When is a majority not enough – or will the Democrats abolish (or at least amend) the filibuster?

So the Democrats in the United States now hold the White House with Joe Biden and have a majority in the House of Representatives and a majority in the Senate (once Vice-President Kamala Harris uses her casting vote). So they should be able to progress their large and radical agenda, right?

If only American politics was so simple. The Senate has a provision called the filibuster which enables any Senator to block legislature effectively as long as he or she wishes. The only way to override a filibuster is with a vote of at least 60 which is 10 more than the Democrats hold in the Senate. But the filibuster is a rule that can technically be overcome by a simple majority and the Dems have that majority once one includes the Vice-President’s casting vote.

So why don’t the Democrats scrap the filibuster? It’s partly a matter of convention – the rule has existed for so long (it was created in 1806 in a limited form) that some think it is a fundamental part of American democracy. It’s partly self-interest – if the Dems abolish it now, the Republicans will not have to worry about it when they are next in control of the Senate. It’s partly because not all 50 Democratic Senators are willing to take what is seen as the nuclear option – moderate Democratic Senators Joe Manchin of West Virginia and Kyrsten Sinema of Arizona won’t back the move.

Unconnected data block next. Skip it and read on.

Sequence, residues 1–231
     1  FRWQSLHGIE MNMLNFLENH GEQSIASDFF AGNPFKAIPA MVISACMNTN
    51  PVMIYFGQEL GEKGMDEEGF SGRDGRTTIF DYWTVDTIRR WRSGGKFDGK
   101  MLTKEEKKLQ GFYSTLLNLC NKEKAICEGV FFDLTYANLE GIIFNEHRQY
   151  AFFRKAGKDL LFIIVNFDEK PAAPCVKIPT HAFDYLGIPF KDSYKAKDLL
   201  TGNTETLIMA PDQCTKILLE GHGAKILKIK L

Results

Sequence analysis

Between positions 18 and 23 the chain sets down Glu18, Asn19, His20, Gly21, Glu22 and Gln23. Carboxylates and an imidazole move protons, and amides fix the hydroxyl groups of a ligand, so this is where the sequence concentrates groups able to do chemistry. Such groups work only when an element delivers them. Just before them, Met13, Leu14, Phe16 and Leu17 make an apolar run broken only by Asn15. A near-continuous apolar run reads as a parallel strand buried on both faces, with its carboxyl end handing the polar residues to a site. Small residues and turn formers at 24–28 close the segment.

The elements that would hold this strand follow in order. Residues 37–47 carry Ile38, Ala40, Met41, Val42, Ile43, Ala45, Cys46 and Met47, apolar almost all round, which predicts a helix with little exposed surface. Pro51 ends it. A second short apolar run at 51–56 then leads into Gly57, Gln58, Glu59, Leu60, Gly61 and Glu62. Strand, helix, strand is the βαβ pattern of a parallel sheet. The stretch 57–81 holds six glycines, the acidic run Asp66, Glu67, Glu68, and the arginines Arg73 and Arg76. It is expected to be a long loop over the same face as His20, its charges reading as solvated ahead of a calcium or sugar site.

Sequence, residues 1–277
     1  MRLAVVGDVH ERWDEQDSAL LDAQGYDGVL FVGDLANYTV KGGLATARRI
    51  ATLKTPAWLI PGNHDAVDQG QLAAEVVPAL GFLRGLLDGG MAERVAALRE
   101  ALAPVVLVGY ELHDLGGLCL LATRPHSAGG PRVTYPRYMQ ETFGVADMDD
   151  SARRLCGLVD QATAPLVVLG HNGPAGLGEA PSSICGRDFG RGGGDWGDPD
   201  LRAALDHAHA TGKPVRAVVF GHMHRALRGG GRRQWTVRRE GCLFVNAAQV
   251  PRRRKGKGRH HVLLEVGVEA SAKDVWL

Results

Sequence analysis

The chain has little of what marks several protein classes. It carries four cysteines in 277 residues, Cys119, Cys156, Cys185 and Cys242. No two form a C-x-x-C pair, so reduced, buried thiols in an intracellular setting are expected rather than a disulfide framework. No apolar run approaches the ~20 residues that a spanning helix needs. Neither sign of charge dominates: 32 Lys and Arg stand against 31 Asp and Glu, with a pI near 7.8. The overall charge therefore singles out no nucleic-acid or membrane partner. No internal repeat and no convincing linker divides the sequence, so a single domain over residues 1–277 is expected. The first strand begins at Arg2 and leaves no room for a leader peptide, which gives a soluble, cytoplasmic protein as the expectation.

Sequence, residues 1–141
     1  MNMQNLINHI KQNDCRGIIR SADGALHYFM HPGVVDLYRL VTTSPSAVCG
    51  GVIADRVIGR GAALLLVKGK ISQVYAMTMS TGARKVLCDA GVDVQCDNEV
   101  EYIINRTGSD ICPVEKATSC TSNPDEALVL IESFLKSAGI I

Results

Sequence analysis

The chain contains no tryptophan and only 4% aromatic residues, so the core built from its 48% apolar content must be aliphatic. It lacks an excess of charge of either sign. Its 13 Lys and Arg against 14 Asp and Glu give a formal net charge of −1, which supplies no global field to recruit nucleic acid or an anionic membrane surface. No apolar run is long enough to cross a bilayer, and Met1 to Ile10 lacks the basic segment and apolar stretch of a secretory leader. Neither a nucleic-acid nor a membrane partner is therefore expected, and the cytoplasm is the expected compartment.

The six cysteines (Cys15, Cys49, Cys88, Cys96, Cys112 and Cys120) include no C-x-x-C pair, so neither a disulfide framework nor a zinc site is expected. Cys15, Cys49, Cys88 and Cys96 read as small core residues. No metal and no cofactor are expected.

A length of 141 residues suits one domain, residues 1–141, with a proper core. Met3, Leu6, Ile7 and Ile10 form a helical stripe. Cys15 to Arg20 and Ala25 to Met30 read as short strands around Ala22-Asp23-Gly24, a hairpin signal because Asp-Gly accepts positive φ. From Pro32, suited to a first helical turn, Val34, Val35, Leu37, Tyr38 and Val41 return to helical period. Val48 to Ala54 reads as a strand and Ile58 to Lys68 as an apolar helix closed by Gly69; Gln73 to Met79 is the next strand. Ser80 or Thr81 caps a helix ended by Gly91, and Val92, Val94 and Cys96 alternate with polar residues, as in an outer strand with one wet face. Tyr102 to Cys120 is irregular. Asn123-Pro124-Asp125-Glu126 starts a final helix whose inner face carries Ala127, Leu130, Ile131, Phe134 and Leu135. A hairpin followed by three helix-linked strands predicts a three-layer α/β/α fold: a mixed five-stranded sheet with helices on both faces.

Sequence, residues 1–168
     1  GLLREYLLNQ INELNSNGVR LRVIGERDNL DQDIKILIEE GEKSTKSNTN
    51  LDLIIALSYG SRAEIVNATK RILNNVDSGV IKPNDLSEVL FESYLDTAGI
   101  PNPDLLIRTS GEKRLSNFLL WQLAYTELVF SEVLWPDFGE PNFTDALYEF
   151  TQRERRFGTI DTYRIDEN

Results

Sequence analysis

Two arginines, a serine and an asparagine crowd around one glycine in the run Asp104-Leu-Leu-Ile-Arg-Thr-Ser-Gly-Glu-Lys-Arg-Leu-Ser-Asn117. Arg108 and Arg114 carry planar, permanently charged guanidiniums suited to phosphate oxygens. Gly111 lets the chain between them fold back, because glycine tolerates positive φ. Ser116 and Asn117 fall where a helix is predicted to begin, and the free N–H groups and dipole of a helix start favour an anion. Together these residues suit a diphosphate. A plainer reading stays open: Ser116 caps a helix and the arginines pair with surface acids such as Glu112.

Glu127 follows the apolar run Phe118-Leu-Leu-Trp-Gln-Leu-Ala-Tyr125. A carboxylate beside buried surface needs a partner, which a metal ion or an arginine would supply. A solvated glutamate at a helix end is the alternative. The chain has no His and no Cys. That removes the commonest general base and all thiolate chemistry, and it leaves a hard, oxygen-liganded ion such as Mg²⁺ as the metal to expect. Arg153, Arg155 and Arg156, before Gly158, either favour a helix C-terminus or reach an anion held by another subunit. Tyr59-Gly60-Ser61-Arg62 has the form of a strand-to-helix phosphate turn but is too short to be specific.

So what is to be done? Newly-installed President Joe Biden has drawn a distinction between how the filibuster used to work when he first became a Senator and how it has evolved since. In his day, a Senator had to mount the filibuster on the floor of the Senate by talking continuously. These days, enough senators (40) simply have to make known their opposition to the legislation in question. Biden has recently and publicly mooted that the Senate should return to the “talking filibuster”.

So watch this space …

More information on the filibuster here.


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